Drain

When one sink or tub drains slowly, you may just need to pull out the plunger or some drain cleaner. But when all of your drains slow down, you're generally dealing with a larger issue that warrants a call to the plumber. It's important to address this problem promptly, since most of the issues that lead to slow drains will get worse, not better, if left alone. Here's a look at the most common plumbing problems that cause slow drains throughout the home.

Full Septic Tank

Is your home connected to a septic system rather than to a public sewer? If so, chances are good that your septic tank is full and in need of pumping.
Over time, solid waste like feces and toilet paper builds up in the bottom of the septic tank. This waste breaks down, but slowly. If it accumulates faster than it breaks down, which is usually the case, you will need to have the tank pumped to remove the solid waste. Until you have the tank pumped, your drains will operate slowly, since any water you send down them is squeezing into the small amount of space left in the septic tank.
Luckily, having your septic tank pumped is pretty straightforward, and once this maintenance is complete, your drains should begin working well again. Going forward, make sure you have your tank pumped before it gets so full. For most homeowners, having the tank pumped every three years is adequate, though you'll want to do it yearly if you have a garbage disposal.

Blocked Sewer Line

If your home is connected to a public sewer rather than to a private septic system, then the issue may lie in the pipe that runs from your home to the under-street sewer line. Known as the main sewer line, this large pipe can become clogged with foreign debris.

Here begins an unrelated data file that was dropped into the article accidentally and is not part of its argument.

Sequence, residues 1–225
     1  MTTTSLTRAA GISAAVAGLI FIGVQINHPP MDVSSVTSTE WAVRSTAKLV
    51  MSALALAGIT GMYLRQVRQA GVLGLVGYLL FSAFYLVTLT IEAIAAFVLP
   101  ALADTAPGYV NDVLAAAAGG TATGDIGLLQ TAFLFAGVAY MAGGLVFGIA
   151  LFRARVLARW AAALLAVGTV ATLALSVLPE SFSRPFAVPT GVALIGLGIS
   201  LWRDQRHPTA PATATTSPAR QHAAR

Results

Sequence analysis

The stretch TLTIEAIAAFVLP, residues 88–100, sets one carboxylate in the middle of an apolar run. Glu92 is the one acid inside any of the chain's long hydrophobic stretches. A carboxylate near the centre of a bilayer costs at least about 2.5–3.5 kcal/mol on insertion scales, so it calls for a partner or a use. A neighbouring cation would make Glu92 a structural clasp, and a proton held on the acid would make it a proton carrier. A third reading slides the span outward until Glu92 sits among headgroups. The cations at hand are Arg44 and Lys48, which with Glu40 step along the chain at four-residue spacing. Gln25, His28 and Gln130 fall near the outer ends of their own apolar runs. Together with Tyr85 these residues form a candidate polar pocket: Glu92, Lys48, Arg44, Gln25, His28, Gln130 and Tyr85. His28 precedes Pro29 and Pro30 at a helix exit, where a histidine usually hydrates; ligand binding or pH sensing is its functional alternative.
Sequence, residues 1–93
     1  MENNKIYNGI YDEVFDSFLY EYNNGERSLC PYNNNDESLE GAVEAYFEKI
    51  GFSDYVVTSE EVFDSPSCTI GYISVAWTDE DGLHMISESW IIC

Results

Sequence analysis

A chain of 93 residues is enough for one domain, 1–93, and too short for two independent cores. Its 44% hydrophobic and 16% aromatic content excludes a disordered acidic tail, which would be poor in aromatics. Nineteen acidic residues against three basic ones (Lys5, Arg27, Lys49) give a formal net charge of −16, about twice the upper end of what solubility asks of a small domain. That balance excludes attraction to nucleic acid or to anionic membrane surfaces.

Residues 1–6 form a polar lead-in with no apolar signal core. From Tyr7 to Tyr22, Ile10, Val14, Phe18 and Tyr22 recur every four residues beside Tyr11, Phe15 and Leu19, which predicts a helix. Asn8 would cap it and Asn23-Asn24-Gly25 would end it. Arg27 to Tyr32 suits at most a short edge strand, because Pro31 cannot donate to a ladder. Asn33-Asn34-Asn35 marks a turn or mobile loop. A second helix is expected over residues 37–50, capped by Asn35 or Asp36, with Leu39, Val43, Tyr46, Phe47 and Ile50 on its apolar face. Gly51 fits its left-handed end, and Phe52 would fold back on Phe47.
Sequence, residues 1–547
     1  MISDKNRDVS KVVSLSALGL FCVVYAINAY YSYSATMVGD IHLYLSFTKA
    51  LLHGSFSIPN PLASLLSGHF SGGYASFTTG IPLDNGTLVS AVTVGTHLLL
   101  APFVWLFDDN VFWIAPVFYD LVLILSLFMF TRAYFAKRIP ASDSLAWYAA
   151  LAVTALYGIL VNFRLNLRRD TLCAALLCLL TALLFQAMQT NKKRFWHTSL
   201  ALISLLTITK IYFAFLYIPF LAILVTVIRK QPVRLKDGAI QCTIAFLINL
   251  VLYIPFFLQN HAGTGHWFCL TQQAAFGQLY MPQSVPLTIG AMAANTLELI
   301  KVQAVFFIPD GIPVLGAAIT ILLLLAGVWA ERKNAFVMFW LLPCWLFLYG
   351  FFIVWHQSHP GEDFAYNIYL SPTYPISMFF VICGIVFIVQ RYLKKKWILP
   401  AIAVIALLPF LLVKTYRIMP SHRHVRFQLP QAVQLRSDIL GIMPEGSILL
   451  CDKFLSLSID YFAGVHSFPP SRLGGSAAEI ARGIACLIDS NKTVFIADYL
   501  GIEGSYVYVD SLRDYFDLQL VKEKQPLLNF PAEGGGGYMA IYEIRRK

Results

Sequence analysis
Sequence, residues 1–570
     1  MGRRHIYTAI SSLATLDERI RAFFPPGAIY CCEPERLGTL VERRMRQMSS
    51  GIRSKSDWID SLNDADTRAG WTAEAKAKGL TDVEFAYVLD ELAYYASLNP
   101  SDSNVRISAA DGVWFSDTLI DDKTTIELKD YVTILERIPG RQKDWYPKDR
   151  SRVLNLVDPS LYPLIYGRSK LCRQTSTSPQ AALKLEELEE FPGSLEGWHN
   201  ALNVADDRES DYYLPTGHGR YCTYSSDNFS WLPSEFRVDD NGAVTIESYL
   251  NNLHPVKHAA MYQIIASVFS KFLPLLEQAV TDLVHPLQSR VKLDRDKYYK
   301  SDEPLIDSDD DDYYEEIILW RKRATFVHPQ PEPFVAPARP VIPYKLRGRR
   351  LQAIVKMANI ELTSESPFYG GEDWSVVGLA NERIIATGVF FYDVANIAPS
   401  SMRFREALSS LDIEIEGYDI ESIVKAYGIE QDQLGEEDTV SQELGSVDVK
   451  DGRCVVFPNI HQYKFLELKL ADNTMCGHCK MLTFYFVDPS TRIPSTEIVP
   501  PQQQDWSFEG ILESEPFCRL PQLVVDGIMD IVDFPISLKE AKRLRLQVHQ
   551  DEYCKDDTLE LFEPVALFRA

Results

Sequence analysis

Oftentimes, tree roots grow into the pipe and then begin grabbing onto other material, like wet wipes and paper towels, until a massive clog forms. Since any water that comes down the drain has to make its way past this clog, your drains slow down considerably.
Clearing a main sewer line is no minor undertaking. Your plumber will start by sending a camera down the pipe in order to assess the extent and nature of the blockage. Then, they may use a rotating blade, called an auger, to cut away the roots and other clogging material. Rinsing certain herbicides down the pipe may help keep the roots from growing back.

Crushed Sewer Line

If you're connected to a sewer, there's also a chance that your main sewer line has become crushed, rather than clogged. This happens primarily with older sewer mains, which were often made from clay similar to that used to make terracotta pots. Though clay pipes have the advantage of being resistant to chemical degradation, they are quite brittle and are therefore prone to collapse and crushing.
A clay sewer pipe can become crushed if tree roots wrap around it, if you park over top of it with a heavy vehicle, or if the soil shifts dramatically. If a crushed pipe is to blame for your slow drains, you may also notice a sewage odor in your front yard. This odor appears because raw sewage is seeping out of the damaged pipe rather than draining properly into the public sewer.
Unfortunately, the only way to address a crushed main sewer pipe is to replace it. Your plumbing team will have to dig up the old pipe, remove the damaged section, and put a new pipe into place. They may recommend using a different material, like plastic or cast iron, so that your new sewer main does not suffer the same fate.
If your drains are running slowly, don't just ignore the problem and hope it gets better on its own. Whether you're dealing with a full septic tank, a clogged sewer line, or a crushed sewer line, professional service is needed to restore your plumbing to working order.